32. Port of Antwerp. Yearbook of Statistics 2020. 2021. Available online: (accessed on 5 December 2021).
  33. Port of Antwerp. Sustainability Trend Report. Available online: (accessed on 5 December 2021).
  34. Port of Amsterdam. Annual Report 2017. 2018. Available online: (accessed on 5 December 2021).
  35. Port of Amsterdam. Annual Report 2018. 2019. Available online: (accessed on 5 December 2021).
  36. Port of Amsterdam. Annual Report 2019. 2020. Available online: (accessed on 5 December 2021).
  37. Port of Genova. Relazione Annuale 2014. 2015. Available online: (accessed on 5 December 2021).
  38. Port of Genova. Relazione Annuale 2015. 2016. Available online: (accessed on 5 December 2021).
  39. Port of Genova. Relazione Annuale 2016. 2017. Available online: (accessed on 5 December 2021).
  40. Port of Barcelona. Port of Barcelona Traffic Statistics—Accumulated Data December 2018. 2018. Available online: (accessed on 5 December 2021).
  41. Port of Barcelona. Port of Barcelona Traffic Statistics—Accumulated Data December 2019. 2019. Available online: (accessed on 5 December 2021).
  42. Port of Barcelona. Port of Barcelona Traffic Statistics—Accumulated Data December 2020. 2020. Available online: (accessed on 5 December 2021).
  43. Port of Koper. Annual Report 2018. Available online: (accessed on 5 December 2021).
  44. Port of Koper. Sustainability Report 2018. Available online: (accessed on 5 December 2021).
  45. Port of Koper. Annual Report 2019. Available online: (accessed on 5 December 2021).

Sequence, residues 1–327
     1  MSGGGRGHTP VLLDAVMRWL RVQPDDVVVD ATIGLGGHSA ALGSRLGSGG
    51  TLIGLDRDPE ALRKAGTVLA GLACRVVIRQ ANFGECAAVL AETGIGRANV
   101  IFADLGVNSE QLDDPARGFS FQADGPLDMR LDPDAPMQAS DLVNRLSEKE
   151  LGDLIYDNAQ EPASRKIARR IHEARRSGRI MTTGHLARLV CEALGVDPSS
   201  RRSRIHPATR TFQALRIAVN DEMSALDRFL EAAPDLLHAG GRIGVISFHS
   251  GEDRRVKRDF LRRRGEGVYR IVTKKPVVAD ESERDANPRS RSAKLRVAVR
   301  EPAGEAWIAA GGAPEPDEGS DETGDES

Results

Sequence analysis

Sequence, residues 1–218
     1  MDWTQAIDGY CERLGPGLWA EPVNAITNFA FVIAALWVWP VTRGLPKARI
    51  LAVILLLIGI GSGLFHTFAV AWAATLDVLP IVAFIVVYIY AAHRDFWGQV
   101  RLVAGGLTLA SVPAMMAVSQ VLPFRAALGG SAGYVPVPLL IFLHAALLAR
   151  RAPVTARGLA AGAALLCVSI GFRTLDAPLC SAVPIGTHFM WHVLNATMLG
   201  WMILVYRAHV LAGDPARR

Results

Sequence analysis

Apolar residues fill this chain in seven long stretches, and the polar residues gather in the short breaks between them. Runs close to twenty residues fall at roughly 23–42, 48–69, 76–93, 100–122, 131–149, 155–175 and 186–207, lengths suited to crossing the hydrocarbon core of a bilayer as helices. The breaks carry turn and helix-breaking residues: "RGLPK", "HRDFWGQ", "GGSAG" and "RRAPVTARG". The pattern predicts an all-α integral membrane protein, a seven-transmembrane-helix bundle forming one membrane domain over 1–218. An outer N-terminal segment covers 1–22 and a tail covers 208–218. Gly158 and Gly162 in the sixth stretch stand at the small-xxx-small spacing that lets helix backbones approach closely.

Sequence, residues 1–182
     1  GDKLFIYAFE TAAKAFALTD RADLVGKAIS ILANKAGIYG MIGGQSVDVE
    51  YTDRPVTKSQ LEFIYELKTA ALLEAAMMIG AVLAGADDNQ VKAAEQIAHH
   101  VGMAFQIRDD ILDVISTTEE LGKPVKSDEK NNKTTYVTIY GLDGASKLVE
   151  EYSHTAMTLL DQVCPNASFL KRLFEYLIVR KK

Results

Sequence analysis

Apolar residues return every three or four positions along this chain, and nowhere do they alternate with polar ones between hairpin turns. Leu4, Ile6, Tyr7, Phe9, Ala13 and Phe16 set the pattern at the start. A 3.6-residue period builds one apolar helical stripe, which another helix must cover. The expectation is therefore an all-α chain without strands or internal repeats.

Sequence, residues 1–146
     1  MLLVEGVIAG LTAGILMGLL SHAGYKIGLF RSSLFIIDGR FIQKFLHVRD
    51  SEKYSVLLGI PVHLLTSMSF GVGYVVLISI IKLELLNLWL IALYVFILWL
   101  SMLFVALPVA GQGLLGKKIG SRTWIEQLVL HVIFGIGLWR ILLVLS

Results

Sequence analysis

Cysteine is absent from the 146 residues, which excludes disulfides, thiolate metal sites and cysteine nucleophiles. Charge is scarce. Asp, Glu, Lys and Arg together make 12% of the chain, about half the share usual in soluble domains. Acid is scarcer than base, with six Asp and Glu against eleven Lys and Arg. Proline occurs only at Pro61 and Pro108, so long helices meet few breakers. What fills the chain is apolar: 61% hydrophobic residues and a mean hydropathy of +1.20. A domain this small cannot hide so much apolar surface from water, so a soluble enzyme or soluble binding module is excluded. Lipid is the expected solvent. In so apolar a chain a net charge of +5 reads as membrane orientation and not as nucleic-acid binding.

46. Port of Koper. Annual Report 2020. Available online: (accessed on 5 December 2021).
  47. European Commission. Commission of the European Communities—Communication from the Commission Structural indicators COM (2002) 551 Final. Available online: (accessed on 5 January 2022).
  48. European Commission. Indicative Guidelines on Evaluation Methods: Monitoring and Evaluation Indicators. 2006. Available online: (accessed on 15 December 2021).
  49. Saaty, T.L. The Analytic Hierarchy Process: Planning, Priority Setting, Resource Allocation; McGraw-Hill International Book Company: New York, NY, USA, 1980; pp. 1–287. [Google Scholar]
  50. Saaty, T.L. Fundamentals of Decision Making and Priority Theory with the Analytic Hierarchy Process, 1st ed.; Analytic Hierarchy Process Series; RWS Publications: Pittsburgh, PA, USA, 2000; Volume 6, pp. 1–477. [Google Scholar]
  51. Dekamin, M.; Barmaki, M.; Kanooni, A. Selecting the best environmental friendly oilseed crop by using Life Cycle Assessment, water footprint and analytic hierarchy process methods. J. Clean. Prod. 2018, 198, 1239–1250. [Google Scholar] [CrossRef]
  52. Ameen, R.; Mourshed, M. Urban sustainability assessment framework development: The ranking and weighting of sustainability indicators using analytic hierarchy process. Sustain. Cities Soc. 2019, 44, 356–366. [Google Scholar] [CrossRef]